Rosamund Pike

I Care a Lot


Amazon Prime

The ‘carer’ in this story is Marla Grayson (Rosamund Pike), a woman who – it soon becomes clear – cares only for herself and her lover, Fran (Eliza Gonzalez). Exploiting the law by bribing doctors, Marla has become adept at identifying vulnerable elderly people and getting herself appointed as their legal guardian, whereupon she is free to exploit them for her own profit. She gleefully sells off their homes, their possessions, the little treasures they have accumulated over the years, paying herself a healthy wage from the proceeds and siphoning off whatever she thinks she can get away with.

If it all seems a bit far-fetched, think again. In America, such shenanigans are perfectly permissible and writer/director J Blakeson has no hesitation in pointing up the iniquities of the system.

Marla sets her sights on her latest victim: rich loner, Jennifer Paterson (Dianne Wiest). Before Jennifer quite knows what’s happening to her, she is drugged up and incarcerated in a care home. It’s at this point that Marla realises she may have bitten off more than she can chew. The records state that Jennifer has no kin, but it turns out she actually has a secret son, Roman (Peter Dinklage), a man who – though small in stature – is a powerful and ruthless criminal, who will stop at nothing to get his beloved momma back.

I Care a Lot has a great deal going for it, not least what could be a career-best performance from Pike, whose portrayal of Marla is extraordinary. She paints her as a venomous, heartless machine, able to mask her raging avarice behind a dazzling smile and a haircut of such precision it looks like it’s been achieved using a set square. Wiest is pretty good too, but she’s criminally under-used here, which is a shame, because she has been gifted with the film’s finest one-liner. And Dinklage also convinces as a ruthless mafioso, a man you really don’t want to get on the wrong side of.

The main problem for me however, is that there’s really nobody in this story to root for, since every character I’m introduced to is as venal and self-centred as the last. Even Jennifer isn’t the innocent she at first appears to be. It really says something when the people on the right side of the law are even viler than those who are openly flouting it, but it’s not enough for me. I find myself wanting a character – just one – that I can actually relate to.

The film’s middle section boils down to a series of complicated tussles between Marla and Roman, both of them intent on beating the other at all costs. Though these scenes are cleverly staged, they are somehow less interesting than the film’s central tenet. However, just when I think it’s all going off the rails, Blakeson manages to snatch everything back with a conclusion that comes swaggering in out of left field and actually leaves me gasping. I really don’t see it coming.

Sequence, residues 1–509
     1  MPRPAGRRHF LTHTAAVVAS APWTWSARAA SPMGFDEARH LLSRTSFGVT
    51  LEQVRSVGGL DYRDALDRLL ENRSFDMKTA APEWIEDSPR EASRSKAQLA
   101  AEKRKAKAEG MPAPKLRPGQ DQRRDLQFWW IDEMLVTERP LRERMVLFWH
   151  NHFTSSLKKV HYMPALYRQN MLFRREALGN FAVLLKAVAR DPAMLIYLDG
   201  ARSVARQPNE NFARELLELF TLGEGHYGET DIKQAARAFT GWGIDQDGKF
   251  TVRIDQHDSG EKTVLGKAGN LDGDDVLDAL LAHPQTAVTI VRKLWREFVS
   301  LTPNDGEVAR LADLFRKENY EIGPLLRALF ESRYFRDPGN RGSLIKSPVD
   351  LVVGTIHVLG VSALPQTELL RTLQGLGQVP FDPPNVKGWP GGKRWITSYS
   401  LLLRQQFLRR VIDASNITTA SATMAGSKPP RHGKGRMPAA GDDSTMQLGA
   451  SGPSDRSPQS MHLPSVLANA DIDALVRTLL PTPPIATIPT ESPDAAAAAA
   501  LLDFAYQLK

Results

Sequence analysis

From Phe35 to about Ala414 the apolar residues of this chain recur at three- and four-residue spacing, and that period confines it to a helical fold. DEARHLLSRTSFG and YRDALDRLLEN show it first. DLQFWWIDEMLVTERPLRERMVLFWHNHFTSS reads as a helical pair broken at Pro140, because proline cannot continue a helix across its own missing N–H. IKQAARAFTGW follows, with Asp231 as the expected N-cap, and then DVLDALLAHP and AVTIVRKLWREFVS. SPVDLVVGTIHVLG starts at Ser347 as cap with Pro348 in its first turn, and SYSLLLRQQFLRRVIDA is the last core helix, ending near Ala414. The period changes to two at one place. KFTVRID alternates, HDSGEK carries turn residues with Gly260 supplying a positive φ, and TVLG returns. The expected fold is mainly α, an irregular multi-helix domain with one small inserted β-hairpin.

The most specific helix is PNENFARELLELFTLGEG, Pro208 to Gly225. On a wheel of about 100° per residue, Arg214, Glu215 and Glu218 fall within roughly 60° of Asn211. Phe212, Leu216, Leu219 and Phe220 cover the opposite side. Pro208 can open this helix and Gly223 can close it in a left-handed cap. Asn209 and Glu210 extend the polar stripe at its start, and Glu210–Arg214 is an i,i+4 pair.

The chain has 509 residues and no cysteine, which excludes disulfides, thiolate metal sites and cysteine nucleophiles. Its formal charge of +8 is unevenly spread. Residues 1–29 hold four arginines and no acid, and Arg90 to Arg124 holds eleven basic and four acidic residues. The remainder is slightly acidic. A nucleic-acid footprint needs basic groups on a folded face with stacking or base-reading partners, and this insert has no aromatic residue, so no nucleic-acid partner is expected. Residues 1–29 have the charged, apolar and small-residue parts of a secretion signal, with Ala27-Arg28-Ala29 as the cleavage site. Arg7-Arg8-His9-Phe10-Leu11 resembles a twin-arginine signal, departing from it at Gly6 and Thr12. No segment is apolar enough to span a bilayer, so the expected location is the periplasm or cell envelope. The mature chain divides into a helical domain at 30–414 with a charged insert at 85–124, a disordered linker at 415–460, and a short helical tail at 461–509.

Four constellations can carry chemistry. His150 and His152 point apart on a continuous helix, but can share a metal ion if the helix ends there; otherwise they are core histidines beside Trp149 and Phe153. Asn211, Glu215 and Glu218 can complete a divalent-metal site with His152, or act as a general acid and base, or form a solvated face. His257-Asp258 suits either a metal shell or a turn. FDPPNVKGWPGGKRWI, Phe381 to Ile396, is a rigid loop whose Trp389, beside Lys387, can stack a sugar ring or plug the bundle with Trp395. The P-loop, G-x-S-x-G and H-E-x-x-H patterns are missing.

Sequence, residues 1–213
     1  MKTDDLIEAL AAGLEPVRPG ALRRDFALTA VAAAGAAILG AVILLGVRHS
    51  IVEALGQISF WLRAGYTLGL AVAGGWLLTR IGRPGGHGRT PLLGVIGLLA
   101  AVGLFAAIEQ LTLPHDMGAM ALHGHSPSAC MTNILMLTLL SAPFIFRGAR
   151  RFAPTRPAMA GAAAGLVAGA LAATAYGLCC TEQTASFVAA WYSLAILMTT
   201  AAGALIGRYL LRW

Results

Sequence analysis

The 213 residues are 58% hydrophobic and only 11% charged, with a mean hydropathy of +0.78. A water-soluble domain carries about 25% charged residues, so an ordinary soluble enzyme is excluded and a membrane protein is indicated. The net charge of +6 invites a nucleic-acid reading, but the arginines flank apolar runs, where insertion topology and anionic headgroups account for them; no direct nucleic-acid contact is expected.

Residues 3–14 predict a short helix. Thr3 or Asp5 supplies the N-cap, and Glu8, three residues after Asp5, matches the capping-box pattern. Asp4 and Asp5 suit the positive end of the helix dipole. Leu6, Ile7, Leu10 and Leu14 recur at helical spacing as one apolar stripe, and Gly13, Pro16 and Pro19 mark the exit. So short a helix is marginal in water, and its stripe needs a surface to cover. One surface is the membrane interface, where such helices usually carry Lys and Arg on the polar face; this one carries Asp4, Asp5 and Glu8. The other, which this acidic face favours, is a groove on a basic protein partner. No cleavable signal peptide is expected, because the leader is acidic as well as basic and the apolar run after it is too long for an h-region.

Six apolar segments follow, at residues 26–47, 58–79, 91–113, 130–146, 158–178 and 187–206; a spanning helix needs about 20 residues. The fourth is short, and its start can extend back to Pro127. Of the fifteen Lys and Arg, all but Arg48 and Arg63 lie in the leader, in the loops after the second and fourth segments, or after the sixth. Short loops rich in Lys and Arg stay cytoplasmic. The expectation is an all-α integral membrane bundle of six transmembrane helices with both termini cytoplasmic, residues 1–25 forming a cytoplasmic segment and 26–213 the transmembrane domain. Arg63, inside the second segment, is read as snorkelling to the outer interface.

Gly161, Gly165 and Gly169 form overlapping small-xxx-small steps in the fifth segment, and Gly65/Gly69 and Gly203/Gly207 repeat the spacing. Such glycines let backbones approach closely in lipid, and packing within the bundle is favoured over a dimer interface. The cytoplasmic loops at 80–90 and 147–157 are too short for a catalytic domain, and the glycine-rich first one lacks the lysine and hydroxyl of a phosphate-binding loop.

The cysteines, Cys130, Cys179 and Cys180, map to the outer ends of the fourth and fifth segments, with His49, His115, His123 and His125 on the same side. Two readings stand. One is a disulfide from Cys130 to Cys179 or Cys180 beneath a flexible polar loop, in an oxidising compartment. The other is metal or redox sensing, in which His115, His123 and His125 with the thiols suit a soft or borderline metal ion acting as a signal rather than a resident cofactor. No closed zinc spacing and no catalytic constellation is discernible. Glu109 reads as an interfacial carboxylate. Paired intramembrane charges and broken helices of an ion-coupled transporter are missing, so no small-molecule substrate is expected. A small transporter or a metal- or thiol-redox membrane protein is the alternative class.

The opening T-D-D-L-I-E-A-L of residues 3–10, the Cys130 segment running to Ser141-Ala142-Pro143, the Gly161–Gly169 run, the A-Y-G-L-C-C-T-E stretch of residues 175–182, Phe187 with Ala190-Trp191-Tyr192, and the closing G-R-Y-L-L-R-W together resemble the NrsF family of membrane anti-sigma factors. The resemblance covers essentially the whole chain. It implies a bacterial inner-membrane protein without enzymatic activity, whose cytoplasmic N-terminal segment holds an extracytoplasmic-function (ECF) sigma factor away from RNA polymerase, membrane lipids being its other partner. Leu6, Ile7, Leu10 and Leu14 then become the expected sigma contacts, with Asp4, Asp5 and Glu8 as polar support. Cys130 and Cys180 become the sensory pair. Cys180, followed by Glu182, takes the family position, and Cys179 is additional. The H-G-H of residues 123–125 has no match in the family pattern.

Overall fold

I Care a Lot isn’t perfect, but when it’s good, it’s very good and – for the best part of its nearly two hours’ running time – it does manage to keep me glued to the screen. It also makes me rage with anger at what can happen to elderly people locked up in the moral maze of the American health care system.

4 stars

Philip Caveney

A Private War


Marie Colvin was an extraordinary woman, and Rosamund Pike, it turns out, is exactly the right actor to convey her strength and singularity. Her performance as the celebrated war reporter is gutsy and bold, nuanced and considered – quite possibly a career best.

A Private War is a biopic, detailing the last ten years of Colvin’s life, following her from war zone to war zone, highlighting the personal toll – both physical and mental – of uncovering and revealing so many unpalatable truths. It’s a worthwhile endeavour, but it doesn’t quite pay off.

Maybe it’s because Colvin is famous as an observer and interpreter of stories; as the central character, she seems misplaced. It’s as if the important stuff – the stuff she’d want to focus on – is happening off-screen, and we’re reduced to watching her reactions instead. Of course it matters what happens to those who chronicle events, but their narrative is inevitably secondary to the events themselves. Here, that order is subverted, and I don’t think it wholly succeeds. I feel curiously distanced, from the wars as well as Colvin, never emotionally engaged.